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About The daily Nebraskan. ([Lincoln, Neb.) 1901-current | View Entire Issue (Feb. 28, 2000)
Women dominate field events
Chandler, Hutchinson pace meni I
By Jamie Suhr
AMES, Iowa - While the
Nebraska women’s track and
field team chanted “Go Big
Red,” Texas, the returning
indoor and outdoor national
champions, looked on in disbe
lief as the Cornhuskers were
named Big 12 Champions.
At the Indoor Conference
Championships held Feb. 25
26 in Ames, Iowa, NU
outscored UT 154.5-137.5,
ending the Longhorns’ run of
two straight indoor and outdoor
Big 12 tides.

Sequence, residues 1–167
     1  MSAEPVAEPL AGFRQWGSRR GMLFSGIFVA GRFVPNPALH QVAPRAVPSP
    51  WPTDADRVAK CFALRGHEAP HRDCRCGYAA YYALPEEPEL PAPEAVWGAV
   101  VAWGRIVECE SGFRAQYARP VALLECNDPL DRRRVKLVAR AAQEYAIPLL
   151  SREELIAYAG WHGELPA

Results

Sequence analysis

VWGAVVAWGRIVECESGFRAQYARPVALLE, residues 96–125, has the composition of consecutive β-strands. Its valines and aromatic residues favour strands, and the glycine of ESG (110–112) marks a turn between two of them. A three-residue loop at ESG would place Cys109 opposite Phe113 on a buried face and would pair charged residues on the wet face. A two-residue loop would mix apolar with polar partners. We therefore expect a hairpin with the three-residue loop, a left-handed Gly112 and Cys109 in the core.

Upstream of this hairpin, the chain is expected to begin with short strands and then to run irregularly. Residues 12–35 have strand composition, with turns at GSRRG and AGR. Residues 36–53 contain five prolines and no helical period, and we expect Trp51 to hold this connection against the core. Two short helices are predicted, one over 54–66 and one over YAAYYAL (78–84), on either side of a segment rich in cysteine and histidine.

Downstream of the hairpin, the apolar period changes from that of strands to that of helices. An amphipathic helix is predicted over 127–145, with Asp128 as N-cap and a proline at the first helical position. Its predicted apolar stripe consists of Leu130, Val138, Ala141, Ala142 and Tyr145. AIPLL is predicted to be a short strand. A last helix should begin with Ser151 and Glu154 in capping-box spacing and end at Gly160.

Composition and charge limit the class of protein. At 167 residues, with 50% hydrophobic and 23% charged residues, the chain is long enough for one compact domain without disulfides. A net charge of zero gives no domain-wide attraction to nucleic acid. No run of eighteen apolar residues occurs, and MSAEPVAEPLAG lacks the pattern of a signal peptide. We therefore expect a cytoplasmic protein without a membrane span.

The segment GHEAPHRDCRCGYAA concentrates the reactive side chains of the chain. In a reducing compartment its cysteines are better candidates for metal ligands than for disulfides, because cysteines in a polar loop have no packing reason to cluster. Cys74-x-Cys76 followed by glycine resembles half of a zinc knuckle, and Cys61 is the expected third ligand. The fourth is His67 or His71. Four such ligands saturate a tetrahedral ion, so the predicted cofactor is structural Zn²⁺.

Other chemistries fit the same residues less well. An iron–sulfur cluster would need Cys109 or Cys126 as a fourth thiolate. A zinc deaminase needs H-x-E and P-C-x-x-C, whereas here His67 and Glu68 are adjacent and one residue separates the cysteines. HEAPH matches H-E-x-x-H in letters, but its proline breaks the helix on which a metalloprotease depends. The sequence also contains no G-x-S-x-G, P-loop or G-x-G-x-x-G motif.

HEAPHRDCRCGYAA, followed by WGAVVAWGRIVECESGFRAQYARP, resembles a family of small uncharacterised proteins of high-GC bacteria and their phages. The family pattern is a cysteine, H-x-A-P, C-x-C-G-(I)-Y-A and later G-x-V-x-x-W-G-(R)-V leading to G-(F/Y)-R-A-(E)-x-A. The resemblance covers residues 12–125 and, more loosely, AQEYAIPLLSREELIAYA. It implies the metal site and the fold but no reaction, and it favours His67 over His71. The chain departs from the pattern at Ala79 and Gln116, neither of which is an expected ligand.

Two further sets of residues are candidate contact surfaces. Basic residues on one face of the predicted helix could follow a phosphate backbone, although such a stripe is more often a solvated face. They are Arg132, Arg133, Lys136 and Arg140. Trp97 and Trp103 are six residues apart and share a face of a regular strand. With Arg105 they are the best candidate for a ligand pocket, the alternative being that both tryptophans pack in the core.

“This was a great win for
the kids,” Coach Gary Pepin
said. “It took a total team
Pepin said he never had had
a team compete or work as hard
in his 20 years of coaching.
The Huskers received per
sonal bests from a number of
women, including All
American long-jumper and
triple-jumper Dalhia Ingram.
In the long jump, Ingram
broke her indoor personal best
twice with jumps of 20 feet, 10
>/2 inches and then 20 feet, 11
3A. All jumps she landed with
out faulting would have been
good for first place. The next
closest competitor was
Oklahoma’s Janel Hayes, who
jumped 20-1 V*.
On her first jump of prelim
inaries, Ingram blew away the
field by setting an indoor per
sonal best and Harry Hoak
Track record in the triple jump
by leaping 44-6, easily surpass
ing Kansas State’s Kimela
West, who took home second
place with a distance of 41-13A.
In her four years at NU,
Ingram has won five confer
ence titles, with this being her
first triple-jump crown.
Ingram said she used com